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Why am I sheet mulching again?

 
Posts: 70
Location: New Jersey
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So I am going to do a no dig garden for the spring. I was going to just put a couple layers of cardboard over the existing lawn, then cover with 4" of compost. Then I was going to plant right into the compost. My question is: do I need to worry about the existing lawn growing through 4" of compost? It can't grow if it's not getting sunlight right? Also, people say you lay down cardboard to snuff weed/grass seeds....is your typical suburban lawn seed really have enough energy to push a grass seedling all the way up through four inches of compost? That would be like planting your lawn 4" deep!
 
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Location: Torrey, UT; 6,840'/2085m; 7.5" precip; 125 frost-free days
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Adam Buchler wrote:My question is: do I need to worry about the existing lawn growing through 4" of compost? !


Yes (once you water, the compost will settle between the blades if nothing else)

Adam Buchler wrote:It can't grow if it's not getting sunlight right?


Wrong (the force is strong in weeds, especially if you have some that spread by rhizomes. Let us not discuss bindweed.)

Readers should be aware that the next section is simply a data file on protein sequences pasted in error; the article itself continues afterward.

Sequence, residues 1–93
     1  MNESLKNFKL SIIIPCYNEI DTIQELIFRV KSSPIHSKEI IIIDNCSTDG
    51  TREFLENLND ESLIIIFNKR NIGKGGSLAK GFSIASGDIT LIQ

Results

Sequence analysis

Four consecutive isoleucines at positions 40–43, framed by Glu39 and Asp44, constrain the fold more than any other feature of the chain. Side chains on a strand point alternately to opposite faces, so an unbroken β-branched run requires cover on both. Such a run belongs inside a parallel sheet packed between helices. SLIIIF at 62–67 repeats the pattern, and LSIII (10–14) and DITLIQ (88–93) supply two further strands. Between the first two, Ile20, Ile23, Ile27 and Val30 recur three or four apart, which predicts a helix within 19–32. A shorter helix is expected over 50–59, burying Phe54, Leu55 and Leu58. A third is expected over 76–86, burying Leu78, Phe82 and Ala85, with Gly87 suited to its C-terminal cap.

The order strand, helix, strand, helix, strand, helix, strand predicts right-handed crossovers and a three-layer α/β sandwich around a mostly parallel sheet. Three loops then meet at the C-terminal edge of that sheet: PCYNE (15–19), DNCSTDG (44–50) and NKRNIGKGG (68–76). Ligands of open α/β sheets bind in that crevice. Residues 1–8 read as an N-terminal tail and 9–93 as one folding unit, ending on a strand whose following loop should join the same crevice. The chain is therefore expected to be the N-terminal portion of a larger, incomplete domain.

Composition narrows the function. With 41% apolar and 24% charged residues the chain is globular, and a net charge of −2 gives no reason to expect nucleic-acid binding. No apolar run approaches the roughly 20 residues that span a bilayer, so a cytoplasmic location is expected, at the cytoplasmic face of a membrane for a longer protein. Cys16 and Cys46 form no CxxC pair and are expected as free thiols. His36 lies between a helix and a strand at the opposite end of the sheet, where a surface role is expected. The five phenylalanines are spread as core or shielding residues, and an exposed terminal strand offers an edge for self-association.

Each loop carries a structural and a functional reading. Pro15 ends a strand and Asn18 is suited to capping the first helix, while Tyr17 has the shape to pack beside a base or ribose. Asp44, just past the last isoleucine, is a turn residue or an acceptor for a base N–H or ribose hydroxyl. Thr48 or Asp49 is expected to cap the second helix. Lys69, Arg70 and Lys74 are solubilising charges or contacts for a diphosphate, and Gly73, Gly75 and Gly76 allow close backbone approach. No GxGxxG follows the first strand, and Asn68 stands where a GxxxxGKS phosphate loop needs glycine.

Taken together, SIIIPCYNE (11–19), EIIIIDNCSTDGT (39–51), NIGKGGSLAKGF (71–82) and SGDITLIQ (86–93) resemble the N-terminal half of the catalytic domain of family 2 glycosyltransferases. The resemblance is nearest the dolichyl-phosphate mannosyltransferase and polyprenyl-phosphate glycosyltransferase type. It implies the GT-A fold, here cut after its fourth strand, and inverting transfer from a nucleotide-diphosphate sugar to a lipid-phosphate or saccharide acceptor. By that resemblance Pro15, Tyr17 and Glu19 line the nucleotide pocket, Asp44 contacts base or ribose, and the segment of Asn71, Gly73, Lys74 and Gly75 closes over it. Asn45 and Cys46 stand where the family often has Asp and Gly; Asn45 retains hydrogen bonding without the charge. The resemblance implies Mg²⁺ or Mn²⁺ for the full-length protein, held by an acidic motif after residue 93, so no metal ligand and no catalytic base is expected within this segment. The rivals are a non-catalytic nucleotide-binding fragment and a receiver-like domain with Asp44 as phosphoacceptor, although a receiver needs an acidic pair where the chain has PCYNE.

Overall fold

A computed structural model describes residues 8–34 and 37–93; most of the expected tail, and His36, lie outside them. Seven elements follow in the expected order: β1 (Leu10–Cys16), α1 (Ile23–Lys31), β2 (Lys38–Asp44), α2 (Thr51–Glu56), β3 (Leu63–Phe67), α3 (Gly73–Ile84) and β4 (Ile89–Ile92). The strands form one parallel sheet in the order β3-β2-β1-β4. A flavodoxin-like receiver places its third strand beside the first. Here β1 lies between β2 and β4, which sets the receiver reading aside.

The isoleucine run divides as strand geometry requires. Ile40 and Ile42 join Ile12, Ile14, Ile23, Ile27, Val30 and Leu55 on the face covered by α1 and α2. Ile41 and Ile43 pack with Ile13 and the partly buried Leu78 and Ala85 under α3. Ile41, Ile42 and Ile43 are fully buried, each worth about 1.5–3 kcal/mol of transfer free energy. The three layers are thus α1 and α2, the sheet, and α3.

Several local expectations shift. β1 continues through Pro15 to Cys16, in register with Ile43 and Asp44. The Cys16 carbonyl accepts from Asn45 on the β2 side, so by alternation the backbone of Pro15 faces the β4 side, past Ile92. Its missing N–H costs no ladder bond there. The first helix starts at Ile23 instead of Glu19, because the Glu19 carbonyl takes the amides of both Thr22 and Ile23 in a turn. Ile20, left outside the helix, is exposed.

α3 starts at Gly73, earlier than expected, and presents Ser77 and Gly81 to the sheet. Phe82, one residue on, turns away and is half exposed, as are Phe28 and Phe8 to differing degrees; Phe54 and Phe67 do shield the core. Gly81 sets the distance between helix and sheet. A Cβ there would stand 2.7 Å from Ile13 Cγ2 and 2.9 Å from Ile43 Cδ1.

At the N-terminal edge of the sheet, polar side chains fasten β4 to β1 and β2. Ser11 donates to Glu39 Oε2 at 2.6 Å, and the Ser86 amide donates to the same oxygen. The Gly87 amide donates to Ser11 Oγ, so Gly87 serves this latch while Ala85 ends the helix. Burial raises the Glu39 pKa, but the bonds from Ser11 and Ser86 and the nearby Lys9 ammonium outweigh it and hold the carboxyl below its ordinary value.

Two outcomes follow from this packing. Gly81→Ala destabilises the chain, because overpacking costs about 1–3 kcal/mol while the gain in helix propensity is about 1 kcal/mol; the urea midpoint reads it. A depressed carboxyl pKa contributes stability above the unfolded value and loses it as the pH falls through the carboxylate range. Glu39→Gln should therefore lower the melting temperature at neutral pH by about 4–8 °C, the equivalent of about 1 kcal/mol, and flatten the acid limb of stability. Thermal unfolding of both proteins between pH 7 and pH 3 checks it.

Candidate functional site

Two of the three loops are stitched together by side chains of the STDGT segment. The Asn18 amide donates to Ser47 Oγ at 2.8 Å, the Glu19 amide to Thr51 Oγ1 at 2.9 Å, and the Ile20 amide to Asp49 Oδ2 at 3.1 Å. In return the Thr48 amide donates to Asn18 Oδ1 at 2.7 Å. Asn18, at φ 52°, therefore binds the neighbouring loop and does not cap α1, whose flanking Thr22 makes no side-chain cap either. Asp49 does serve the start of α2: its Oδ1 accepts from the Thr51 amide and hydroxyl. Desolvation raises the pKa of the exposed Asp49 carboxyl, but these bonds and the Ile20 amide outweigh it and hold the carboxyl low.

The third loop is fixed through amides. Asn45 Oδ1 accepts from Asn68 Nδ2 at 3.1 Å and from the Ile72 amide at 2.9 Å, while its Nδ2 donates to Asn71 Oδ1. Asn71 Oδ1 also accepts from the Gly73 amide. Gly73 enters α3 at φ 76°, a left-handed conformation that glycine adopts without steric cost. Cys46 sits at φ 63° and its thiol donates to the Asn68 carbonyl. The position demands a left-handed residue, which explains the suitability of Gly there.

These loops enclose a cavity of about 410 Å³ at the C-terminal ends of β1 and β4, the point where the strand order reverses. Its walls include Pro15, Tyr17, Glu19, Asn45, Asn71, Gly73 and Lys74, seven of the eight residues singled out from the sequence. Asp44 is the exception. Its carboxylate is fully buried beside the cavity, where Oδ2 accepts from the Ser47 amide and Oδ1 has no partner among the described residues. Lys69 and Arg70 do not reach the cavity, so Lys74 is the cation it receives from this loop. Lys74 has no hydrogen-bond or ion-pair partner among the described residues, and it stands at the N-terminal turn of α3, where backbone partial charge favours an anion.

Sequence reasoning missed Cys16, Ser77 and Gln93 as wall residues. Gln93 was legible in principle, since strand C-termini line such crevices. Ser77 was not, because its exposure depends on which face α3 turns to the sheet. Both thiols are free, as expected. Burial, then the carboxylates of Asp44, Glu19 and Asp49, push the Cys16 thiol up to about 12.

Adam Buchler wrote:weed/grass seeds....is your typical suburban lawn seed really have enough energy to push a grass seedling all the way up through four inches of compost?


Yes (a foot of organic material would be better. Dry leaves, moldy hay, bedding from a stable or coop, whatever you can get. It will sink down in short order. If you have no objections to a nitrogen inputs like blood or alfalfa meal, put it down on the grass, then the cardboard. Water between layers. If I had nice compost, I would save it for the top layers.)
 
Adam Buchler
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Location: New Jersey
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Ann Torrence wrote:

Adam Buchler wrote:My question is: do I need to worry about the existing lawn growing through 4" of compost? !


Yes (once you water, the compost will settle between the blades if nothing else)

Adam Buchler wrote:It can't grow if it's not getting sunlight right?


Wrong (the force is strong in weeds, especially if you have some that spread by rhizomes. Let us not discuss bindweed.)

Adam Buchler wrote:weed/grass seeds....is your typical suburban lawn seed really have enough energy to push a grass seedling all the way up through four inches of compost?


Yes (a foot of organic material would be better. Dry leaves, moldy hay, bedding from a stable or coop, whatever you can get. It will sink down in short order. If you have no objections to a nitrogen inputs like blood or alfalfa meal, put it down on the grass, then the cardboard. Water between layers. If I had nice compost, I would save it for the top layers.)